And so it goes: writing is hard work!

A black locust tree photographed against a deep blue skyThis writing business is hard on a person. The hours of sitting is hard on my back, focusing on the screen for so long messes up my neck and shoulders, typing and typing and typing—or, worse, not typing, but cursing instead. Writing is hard work!

But really, the truly hard part is the act of focusing. Using my brain to think, to come up with ideas, figure out the best way to present them, and then writing it down.

Long stretches of intense mental focus is hard on my brain. My neurons start whimpering pretty quickly. After a couple hours, they’re whining. And then they just go on strike. I gotta get up, walk around, get the blood recharged with oxygen, and deliver that oxygen to my poor brain cells. Unfortunately, that’s all too often a matter of walking to the fridge to see if anything new and interesting has miraculously appeared in it. Thankfully, when I’m at the grocery store I rarely indulge in junk foods, so my kitchen isn’t as much a danger zone as it might be, but that doesn’t matter. It’s the getting up, taking a break now and again that’s important.

Until I realize how many breaks I’ve indulged in, and how long they’ve been.

I’ve read that if a person could focus on one desire for just 17 seconds of time, that person could change her world. Of course when I read that I scoffed. I mean, I can focus on reading a good book until my eyeballs refuse to work anymore. I did that just last night reading Dreaming in Color: An Autobiography, by Kaffe Fassett. According to Amazon, Fassett is “a world-renowned artist, textile designer, and author, and his use of color is widely regarded as visionary”. I can’t remember why I asked the library to get the book for me–Kaffe Fassett isn’t a name I’m familiar with–but hey, it turns out to be a fascinating read. Kinda makes me want to pick up where I left off. Like right now.

Oops! It’s so easy to lose focus! Not all the time, though. Not when I’m taking in information, like reading a good book. Or researching. I can go down the time-sucking Rabbit Hole of Googling at the snap of a finger. That’s what I mean by taking in information.

But when I’m putting out information—creating with words, fabric, photos—somehow focus takes way much more energy than it should. When I’m done with four or six hours of sitting at the computer, I’m exhausted. When it’s over it feels like four or six  hours of life has been sucked out of me. I guess it has, in a way.

The brain is an energy-sucking organ. It uses up about 20% of a body’s energy every day, 25% of what the brain uses is for physical maintenance, whereas a whopping 75% is for information processing. And active attention—focusing—takes up more of our brain’s information processing systems than passive attention does.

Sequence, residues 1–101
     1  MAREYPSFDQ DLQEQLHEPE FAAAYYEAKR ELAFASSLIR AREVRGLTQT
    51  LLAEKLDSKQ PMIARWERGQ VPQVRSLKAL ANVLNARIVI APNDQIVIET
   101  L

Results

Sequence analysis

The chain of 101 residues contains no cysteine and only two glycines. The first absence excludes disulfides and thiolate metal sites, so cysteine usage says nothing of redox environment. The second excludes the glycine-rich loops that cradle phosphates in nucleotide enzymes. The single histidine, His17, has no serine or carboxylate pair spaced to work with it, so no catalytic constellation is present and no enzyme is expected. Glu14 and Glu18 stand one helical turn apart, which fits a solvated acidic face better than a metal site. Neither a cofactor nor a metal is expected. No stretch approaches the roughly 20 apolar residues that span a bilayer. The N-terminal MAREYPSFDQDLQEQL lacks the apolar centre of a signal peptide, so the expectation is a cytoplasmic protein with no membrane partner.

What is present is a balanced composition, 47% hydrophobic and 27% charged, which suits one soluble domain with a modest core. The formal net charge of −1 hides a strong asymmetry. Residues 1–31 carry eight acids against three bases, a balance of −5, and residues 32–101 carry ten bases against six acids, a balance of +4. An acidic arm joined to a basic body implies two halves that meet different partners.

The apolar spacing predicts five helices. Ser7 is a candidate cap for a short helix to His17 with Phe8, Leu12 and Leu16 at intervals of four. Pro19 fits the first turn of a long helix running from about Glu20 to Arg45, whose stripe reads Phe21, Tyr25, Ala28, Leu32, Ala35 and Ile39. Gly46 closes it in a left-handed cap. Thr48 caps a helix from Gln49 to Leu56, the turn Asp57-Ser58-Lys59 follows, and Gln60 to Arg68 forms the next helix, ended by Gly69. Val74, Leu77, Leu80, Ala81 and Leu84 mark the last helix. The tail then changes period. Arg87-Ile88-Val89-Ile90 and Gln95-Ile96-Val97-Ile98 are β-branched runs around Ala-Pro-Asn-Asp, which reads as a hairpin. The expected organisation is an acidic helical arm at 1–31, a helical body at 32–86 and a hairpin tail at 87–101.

Creativity consumes even more brain function. It engages the sympathetic nervous system, meaning activating the automated part of the brain that responds to excitement. Okay, there’s no dire wolf on my heels and part of my mind does know it so the engagement is small. But when I’m imagining, when I’m creating, that small bit of brain is still there, doing it’s thing and sucking up the energy.

So yeah, it’s exhausting.

Here’s the thing about focusing. I’m supposed to be working on the sequel to Dark Green. Because creating something from nothing is hard work, it doesn’t take all that much to be distracted. To be lured off the tough uphill path, seduced by the many easier and seemingly more enticing alternatives that are right at my fingertips.

Twitter is one of the worst. Just typing that word resulted in my checking to see what’s new, only to discover Jimmy Buffet has died and President Biden was even moved to declare that Buffet was a poet of paradise. Okay, I’m not a great Buffet fan, but I wanted to see what other people had to say about the man. Then I saw a tweet from a photographer I follow, so I had to post a couple photos of my own. Not photos I’ve posted before, of course, photos had to be messed with first.

During which time I came across the perfect photo of a tree that I took early this summer. Aha! It’s just what I was looking for to base a fabric wall hanging on. So I had to save that to a new folder, and then I had to crop it a little to make it more appealing, and then…

Then I realized what I was doing. Instead of returning to this little essay, though, I got up to check the fridge, happened to glance over at the kitchen counter, and realized I hadn’t finished my breakfast smoothie.

I rinsed out the blender and almost started washing it before I finally remembered I was writing this. Honestly, I had planned on just a few brief comments before getting back to the sequel to Dark Green.

Geez Louise (and where did that come from, maybe I should Google it real quick), but darn, I haven’t even opened the Scrivener app and I’m already tired and want to take a nap.

Writing really is hard work!

Cover of the novel DARK GREEN

It’s not always darkest at night.
Guardians are not always pure.
The powerful are not always the strongest.
Evidence may not mean what it seems.


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About lifstrand

Lif Strand began writing fiction when she was a kid. Nobody read her stories. A former Arabian horse breeder and endurance racer, then reporter and freelance white paper writer, Lif lives in a straw bale house off-the-grid and writes fiction once more--or at least whenever she’s not scooping horse poop, taking photos, or playing with fabric art.

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